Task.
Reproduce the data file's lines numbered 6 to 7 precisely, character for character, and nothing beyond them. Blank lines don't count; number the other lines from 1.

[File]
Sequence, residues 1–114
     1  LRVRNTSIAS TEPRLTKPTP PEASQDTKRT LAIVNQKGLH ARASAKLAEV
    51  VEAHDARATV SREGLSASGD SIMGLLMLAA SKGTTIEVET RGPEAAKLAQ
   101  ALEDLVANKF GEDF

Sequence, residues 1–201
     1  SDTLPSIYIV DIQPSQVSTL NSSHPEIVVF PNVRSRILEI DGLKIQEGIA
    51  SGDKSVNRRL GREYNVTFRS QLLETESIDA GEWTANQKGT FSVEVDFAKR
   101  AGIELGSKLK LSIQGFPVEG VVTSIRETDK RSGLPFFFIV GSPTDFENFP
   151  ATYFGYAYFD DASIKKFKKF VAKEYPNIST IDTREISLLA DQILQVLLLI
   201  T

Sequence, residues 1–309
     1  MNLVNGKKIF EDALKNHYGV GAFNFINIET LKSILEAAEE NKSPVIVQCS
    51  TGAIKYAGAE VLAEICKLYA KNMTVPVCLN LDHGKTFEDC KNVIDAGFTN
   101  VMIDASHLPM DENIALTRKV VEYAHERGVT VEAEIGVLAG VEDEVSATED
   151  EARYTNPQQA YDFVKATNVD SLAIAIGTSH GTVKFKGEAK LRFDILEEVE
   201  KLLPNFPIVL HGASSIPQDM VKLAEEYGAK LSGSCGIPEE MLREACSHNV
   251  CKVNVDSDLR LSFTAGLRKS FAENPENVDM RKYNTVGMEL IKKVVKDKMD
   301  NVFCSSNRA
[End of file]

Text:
     1  SDTLPSIYIV DIQPSQVSTL NSSHPEIVVF PNVRSRILEI DGLKIQEGIA
    51  SGDKSVNRRL GREYNVTFRS QLLETESIDA GEWTANQKGT FSVEVDFAKR